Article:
The voltage drop across each of the red LEDs is approximately 2 volts.

The voltage drop across each of the blue light-emitting diodes is approximately 3 volts.

The voltage drop across each current regulator is approximately 7 volts.

The current through the first string of LED emitters is adjusted to approximately 20 milliamperes.

The current through the second string of LED emitters is adjusted to approximately 20 milliamperes.

The current through the third string of LED emitters is adjusted to approximately 20 milliamperes.

The diffusing element 18 is located approximately 2 inches from the heat dispersing element 11. The diffusing element 18 is coupled to an upper region of the reflective cone 17. The insulating element 28 is also connected to a lower region of the reflective cone 17.

The heat dispersing element 11 functions as heat of dispersion, acts as a heat sink, and dissipates heat from the light emitting diodes. Similarly, the reflective cone 17 acts as a heat sink. In addition, the reflective cone 17 includes ridges 19 to enhance its reflective properties.

Figure 5 is a cross-sectional view taken from the V-V plane shown in Figure 4 (and not drawn to the same scale as Figure 4).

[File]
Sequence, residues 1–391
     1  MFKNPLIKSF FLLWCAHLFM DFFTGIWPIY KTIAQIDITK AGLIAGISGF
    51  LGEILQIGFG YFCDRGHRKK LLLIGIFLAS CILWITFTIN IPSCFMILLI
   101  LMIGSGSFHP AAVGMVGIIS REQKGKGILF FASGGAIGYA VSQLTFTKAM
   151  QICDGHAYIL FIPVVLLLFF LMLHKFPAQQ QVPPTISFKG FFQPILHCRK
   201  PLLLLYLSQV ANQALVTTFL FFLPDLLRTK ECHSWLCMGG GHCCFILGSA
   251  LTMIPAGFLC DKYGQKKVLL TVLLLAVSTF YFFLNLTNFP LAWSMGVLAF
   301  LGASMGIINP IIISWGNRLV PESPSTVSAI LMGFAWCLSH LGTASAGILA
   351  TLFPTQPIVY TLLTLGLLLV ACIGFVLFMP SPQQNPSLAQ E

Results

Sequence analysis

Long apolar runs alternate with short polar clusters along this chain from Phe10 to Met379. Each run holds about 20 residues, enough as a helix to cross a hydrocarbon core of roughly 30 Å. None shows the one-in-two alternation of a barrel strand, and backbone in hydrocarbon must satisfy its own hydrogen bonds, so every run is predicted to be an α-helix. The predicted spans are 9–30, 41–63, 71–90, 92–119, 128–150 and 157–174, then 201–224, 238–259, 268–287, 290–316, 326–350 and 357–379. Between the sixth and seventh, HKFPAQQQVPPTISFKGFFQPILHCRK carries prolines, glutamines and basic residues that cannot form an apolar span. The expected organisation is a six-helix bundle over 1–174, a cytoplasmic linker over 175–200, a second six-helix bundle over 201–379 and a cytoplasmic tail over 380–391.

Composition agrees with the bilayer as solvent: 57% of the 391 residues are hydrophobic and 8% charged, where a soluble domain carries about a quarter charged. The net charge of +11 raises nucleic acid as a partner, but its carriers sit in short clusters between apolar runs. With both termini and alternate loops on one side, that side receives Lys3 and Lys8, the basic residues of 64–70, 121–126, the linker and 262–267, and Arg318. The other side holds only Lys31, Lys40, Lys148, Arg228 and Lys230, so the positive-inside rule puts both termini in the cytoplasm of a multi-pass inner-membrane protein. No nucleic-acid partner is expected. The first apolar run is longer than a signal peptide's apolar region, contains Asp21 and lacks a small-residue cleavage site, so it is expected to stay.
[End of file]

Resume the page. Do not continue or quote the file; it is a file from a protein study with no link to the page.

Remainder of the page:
As shown in FIG. 5, each of the red LEDs 16a is surrounded by 5 or 6 green-yellow LED emitters 16b, that is, a red LED 16a and a green-yellow LED emitter. 16b is a horizontal arrangement and is substantially evenly spaced from each other, each column being laterally offset from (longitudinal) adjacent columns by half the distance between laterally adjacent light-emitting diodes, and at most locations The two green-yellow light-emitting diode emitters 16b are located between each of the red light-emitting diodes 16a and the neighboring red light-emitting diodes 16a in the same column, and the red light-emitting light in each column The polar body 16a is offset (longitudinal) from the nearest red light-emitting diode 16a of the adjacent column by a distance of 1 1/2 times the distance between adjacent light-emitting diodes.

The spacing between each adjacent light-emitting diode in each column is approximately 6 mm.

Figure 6 is a cross-sectional view showing one of the red light-emitting diodes 16a used in the embodiment shown in Figures 4 and 5.

Referring to FIG. 6, each of the red LEDs 16a includes a red LED chip 21 (from Epistar, Taiwan, measured as 14mil * 14mil, including aluminum indium gallium phosphide (AlInGaP), and has not less than 600mcd Brightness), a lead frame 15 having a reflective surface 22, a copper wire 23 and a package area 24. The reflective surface 22 is made of silver. The package area 24 is made of Hysol OS 4000. The red light-emitting diodes 16a are nearly saturated, that is, they have a purity of at least 85%, and the term "purity" has a well-known meaning for those skilled in the art and is used to calculate purity. The procedure is well known to those skilled in the art. The red light emitting diodes 16a emit light having a dominant wavelength ranging from about 612 nm to about 625 nm.